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Paris

Paris

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Destinations: 
11th Arrondissement,
20th Arrondissement,
Europe,
France,
Paris

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See + Do

Père-Lachaise Cemetery and Ménilmontant-Oberkampf, France

Paris, France
Website: www.pere-lachaise.com

The winding, cobbled paths of Père-Lachaise spread over 100 acres in the 20th Arrondissement, knotting around thousands of historic tombs, giant old trees, flowerbeds, and romantic ruins. Most visitors come to see the famous residents: Abelard and Héloïse, Chopin, Balzac, Oscar Wilde, Proust, Piaf, Gertrude Stein, and, inevitably, Jim Morrison. The cemetery's southern edge is flanked by Boulevard de Ménilmontant, the spinal column of an up-and-coming, multiethnic neighborhood locals call "Ménilmouche," where bars, cafés, and North African, Asian, and kosher restaurants spill across wide sidewalks under arching trees. Intersecting Ménilmontant a couple of hundred yards northwest of the cemetery, Rue Oberkampf extends the hip zone by several city blocks—you'll find hot spots like Café Charbon (109 Rue Oberkampf; 33-1-43-57-55-13) tucked between Turkish eateries and hole-in-the-wall shops.

Eating

Le Temps au Temps, France

13 Rue Paul Bert
Paris 75011, France
Tel: 33 1 43 79 63 40

Bring a shoehorn with you—Le Temps au Temps is one of those cheek-by-jowl Paris places east of the Bastille where a dozen tables share space meant for six. But the service charms, and the bric-a-brac decor with a timepiece theme is fun. Best of all: Chef-owner Sylvain Sendra's extraordinarily good food utterly disarms. Endra comes from Lyon, but you won't find the usual fried tripe or pig snouts on his ever-changing menu. Instead, the meal might start with creamy, flavorful Jerusalem artichoke soup flecked with shaved foie gras and drizzled with pesto, then move on to baked ling cod with whole roasted garlic and tiny fingerling potatoes. À la carte you might find venison stew with wild mushrooms and luscious chocolate crumble cake in a moat of chocolate pastry cream, topped with raspberry sorbet and whipped cream. The downside: Word is out. Artists, architects, hipsters, pearl-draped matrons, and suits keep this neighborhood spot fully booked for lunch and dinner, sometimes weeks ahead.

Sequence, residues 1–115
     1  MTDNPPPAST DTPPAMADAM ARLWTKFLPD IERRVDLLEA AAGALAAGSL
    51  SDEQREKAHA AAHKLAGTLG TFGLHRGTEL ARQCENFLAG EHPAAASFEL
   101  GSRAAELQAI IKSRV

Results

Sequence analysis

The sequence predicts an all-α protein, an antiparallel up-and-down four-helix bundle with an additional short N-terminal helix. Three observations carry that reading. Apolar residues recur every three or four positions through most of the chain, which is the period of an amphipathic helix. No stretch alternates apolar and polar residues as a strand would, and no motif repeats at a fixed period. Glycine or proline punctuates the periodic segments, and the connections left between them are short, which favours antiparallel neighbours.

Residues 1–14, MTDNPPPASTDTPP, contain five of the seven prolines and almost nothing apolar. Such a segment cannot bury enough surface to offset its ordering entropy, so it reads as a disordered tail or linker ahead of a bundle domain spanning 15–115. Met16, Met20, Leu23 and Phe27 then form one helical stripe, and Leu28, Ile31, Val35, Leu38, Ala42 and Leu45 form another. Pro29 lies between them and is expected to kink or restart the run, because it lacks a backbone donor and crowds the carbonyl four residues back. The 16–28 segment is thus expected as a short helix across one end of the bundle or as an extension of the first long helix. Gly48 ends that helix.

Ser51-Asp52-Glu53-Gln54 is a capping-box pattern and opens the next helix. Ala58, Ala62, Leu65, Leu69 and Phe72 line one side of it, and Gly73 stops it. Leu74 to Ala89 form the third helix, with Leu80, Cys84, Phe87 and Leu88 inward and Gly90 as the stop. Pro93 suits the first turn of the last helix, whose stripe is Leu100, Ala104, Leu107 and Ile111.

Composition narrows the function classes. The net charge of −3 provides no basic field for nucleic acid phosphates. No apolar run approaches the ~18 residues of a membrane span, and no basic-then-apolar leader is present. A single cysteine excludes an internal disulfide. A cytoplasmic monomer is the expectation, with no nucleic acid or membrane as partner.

Open Tuesdays through Saturdays noon to 2:30 pm and 7 to 10 pm.

Eating

Le Bistrot Paul Bert, France

18 Rue Paul Bert
Paris 75011, France
Tel: 33 1 43 72 24 01

With a friendly, arty crowd and wonderful food, this back-beyond-the-Bastille bistro would be well worth seeking out even if it weren't one of the best buys in town. Don't be put off by the slightly cliquish vibe—no one's going to cold-shoulder you; it's just that this place has a devoted following of regulars, all of whom seem to know one another. So settle into one of the moleskin banquettes, enjoy the snug dining room's flea market kitsch (including a chandelier that looks like it's made of melting ice cubes), and inspect the regularly changing blackboard menu. What's cooking depends on what's in the market, but typical starters include a wild mushroom omelet and sautéed squid with risotto, while mains run to perfectly cooked cod steak with chanterelles and guinea hen with bacon-spiked cabbage. Finish with the serve-yourself cheese tray or the chocolate ganache cake draped in pistachio cream.

Open Tuesdays through Saturdays noon to 2 pm and 7:30 to 11 pm.

Information may have changed since the date of publication. Please confirm details with individual establishments before planning your trip.